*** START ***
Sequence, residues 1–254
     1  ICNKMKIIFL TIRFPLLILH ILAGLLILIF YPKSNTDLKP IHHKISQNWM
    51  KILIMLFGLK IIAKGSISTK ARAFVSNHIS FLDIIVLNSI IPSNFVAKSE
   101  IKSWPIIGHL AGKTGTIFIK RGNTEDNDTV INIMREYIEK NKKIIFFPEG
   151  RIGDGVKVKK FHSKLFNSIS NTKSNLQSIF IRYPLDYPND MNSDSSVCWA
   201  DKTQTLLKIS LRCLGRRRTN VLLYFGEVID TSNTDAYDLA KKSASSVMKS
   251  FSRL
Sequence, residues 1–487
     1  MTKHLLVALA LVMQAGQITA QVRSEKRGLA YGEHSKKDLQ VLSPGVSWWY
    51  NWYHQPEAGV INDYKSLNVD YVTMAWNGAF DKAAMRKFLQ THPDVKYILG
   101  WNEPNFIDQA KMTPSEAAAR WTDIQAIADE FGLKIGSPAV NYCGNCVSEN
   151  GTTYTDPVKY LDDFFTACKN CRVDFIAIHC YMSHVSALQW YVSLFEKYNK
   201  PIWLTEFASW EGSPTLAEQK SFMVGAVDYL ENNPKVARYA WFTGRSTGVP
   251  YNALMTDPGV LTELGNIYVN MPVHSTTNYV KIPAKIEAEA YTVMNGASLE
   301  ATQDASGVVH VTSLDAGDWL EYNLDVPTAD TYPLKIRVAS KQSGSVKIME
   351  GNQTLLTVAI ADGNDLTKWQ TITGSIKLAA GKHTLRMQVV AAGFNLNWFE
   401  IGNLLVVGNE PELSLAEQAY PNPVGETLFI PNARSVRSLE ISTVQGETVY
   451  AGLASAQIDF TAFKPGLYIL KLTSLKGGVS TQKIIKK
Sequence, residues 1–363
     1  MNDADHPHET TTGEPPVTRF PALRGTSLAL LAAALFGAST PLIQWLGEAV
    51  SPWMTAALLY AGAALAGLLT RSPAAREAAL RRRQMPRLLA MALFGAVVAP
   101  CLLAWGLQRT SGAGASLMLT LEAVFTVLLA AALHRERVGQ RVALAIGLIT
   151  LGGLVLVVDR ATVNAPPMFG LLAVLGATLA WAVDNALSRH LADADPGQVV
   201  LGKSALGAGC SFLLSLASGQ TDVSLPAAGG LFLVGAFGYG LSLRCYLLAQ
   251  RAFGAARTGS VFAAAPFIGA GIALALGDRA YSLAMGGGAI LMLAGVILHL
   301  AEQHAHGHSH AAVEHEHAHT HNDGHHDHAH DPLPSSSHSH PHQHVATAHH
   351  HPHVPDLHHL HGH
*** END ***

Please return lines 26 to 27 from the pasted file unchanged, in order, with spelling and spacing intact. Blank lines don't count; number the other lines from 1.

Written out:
   301  AEQHAHGHSH AAVEHEHAHT HNDGHHDHAH DPLPSSSHSH PHQHVATAHH
   351  HPHVPDLHHL HGH